Galileo vs geocentrism – what really happened?

We’ve all heard about the persecution of Galileo

The familiar, but false, version as recounted in The Persecution of Galileo:

“The Earth is firmly fixed; it shall not be moved.” – Psalms 104:5

This bible verse shackled the minds of men for thousands of years, and held back the advance of science. It was this verse that was used as evidence against Galileo, who argued for the theory of Copernicus, that the earth is not immovable, but rotates around the sun. It was for teaching this that he was called to Rome in 1633, and tried for the crime of heresy. The aged Galileo, in his 70’s, was taken down into the dungeons of the church and shown the instruments of torture that were going to be used on him if he did not recant. Fearing the torture, and fearing that he might share the fate of Giordano Bruno, whom the church burned at the stake a generation earlier for the same crime, Galileo recanted the truth. He was confined to his home under house arrest, neither allowed to leave or to receive visitors, for the last seven years of his life.

What really happened?


Over two millennia ago, Aristotle (384–322 BC) taught that the earth was the centre of a ‘perfect’ universe in which the movements of the stars were circular and never ending.

Ptolemy (AD 2nd century) expanded these ideas into what became known as the Ptolemaic system

Then in the 16th century, Copernicus (1473–1543) postulated as a better explanation that the earth and planets revolved around the sun

In the 17th century, Galileo (1564–1642), with his telescope, was able to carry out repeated and repeatable observations which refuted Aristotle and Ptolemy, and supported Copernicus. For example, he observed that the sun had spots which moved across its surface, showing that the sun was not ‘perfect’ and it itself rotated; he observed the phases of Venus, showing that Venus must orbit the sun; and he discovered four moons that revolve around Jupiter, not the Earth, showing that the Earth was not the centre of everything. In 1618, he observed three comets pass effortlessly through Ptolemy’s crystalline spheres (in which the planets and stars supposedly moved around the Earth), showing that these spheres must be imaginary.

The heliocentric (from Greek helios = sun) or Copernican system opposed the views of the astronomer-philosophers of the day, who earned their livelihood by teaching Aristotle and Ptolemy, and so were biased against change. They therefore either ignored, ridiculed, destroyed, or hostilely opposed Galileo’ ’s writings. Many Church leaders allowed themselves to be persuaded by the Aristotelians at the universities that the geocentric (earth-centred) system was taught in Scripture and that Galileo was contradicting the Bible. They therefore bitterly opposed Galileo to the extent of forcing him on pain of death to repudiate his findings.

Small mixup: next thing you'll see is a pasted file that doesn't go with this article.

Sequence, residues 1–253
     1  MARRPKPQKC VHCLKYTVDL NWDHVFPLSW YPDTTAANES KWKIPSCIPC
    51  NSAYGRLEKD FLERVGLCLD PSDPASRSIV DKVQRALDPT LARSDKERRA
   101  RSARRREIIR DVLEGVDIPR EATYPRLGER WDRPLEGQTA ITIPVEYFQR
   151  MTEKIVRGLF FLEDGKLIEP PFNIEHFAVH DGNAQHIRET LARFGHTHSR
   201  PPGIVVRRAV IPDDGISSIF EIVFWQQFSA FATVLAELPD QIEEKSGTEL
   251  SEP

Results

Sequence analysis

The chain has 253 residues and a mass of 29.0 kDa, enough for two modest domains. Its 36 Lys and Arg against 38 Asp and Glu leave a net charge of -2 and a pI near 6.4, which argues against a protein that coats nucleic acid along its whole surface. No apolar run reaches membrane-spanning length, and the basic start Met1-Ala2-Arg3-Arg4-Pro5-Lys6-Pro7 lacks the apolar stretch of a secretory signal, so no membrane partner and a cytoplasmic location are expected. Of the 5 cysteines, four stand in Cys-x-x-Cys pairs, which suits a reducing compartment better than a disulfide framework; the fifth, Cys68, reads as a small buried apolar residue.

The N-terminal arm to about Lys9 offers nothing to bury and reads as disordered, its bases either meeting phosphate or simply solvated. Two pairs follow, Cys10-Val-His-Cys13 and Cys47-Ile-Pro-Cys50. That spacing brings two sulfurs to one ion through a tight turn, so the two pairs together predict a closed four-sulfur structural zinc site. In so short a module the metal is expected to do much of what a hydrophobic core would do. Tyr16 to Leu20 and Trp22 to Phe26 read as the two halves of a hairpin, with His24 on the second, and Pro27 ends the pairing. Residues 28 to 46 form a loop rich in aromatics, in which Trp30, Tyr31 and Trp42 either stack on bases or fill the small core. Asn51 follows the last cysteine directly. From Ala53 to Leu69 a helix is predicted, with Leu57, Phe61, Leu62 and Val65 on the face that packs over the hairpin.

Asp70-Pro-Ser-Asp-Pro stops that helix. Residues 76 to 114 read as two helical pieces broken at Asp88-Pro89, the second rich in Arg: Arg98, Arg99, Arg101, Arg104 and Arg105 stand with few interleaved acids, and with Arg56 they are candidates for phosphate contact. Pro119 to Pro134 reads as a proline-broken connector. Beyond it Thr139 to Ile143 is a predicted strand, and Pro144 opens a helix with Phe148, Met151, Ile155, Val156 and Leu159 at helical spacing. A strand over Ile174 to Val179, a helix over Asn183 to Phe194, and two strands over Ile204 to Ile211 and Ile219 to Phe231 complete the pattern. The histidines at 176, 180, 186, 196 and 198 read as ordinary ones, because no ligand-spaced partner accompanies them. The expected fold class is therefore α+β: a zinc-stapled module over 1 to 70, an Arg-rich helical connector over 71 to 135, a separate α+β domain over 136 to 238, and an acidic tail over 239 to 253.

Earth at ‘perfect’ center — clarification:

Many antitheists praise Galileo for removing man from the centre of the universe, supposedly curing man’s arrogance. Typical is physicist Lawrence Krauss, “Galileo removed us from the centre of the universe: how much greater a fall could we have?”

However, this shows complete ignorance of the historical context. The old geocentric view, i.e. with Earth at the centre, was not at all edifying. For much of church history, the centre was regarded as the lowest place to be. At the lowest was Hades at Earth’s centre, and the abode of man on Earth’s surface was the next worse, quite corrupted compared to heavenly perfections. The further away from the centre, the closer to heaven you were thought to be.

The moon, as fairly close to Earth, was regarded as a transitional place. The sun was in a higher plane, planets were pretty good, in their spheres made of the imperishable fifth element (quintessence), but not as exalted as the distant fixed stars, while the firmament was depicted as beyond even the stars, and God’s realm was further beyond that.

So moving the earth away from the centre was, in the context of the middle ages, actually exalting it. Rather, what really upset the establishment was Galileo’s discovery of blemishes on the sun (sunspots), precisely because it undermined the idea of perfect heavenly bodies.

For an indepth discussion check out The Galileo affair: history or heroic hagiography?

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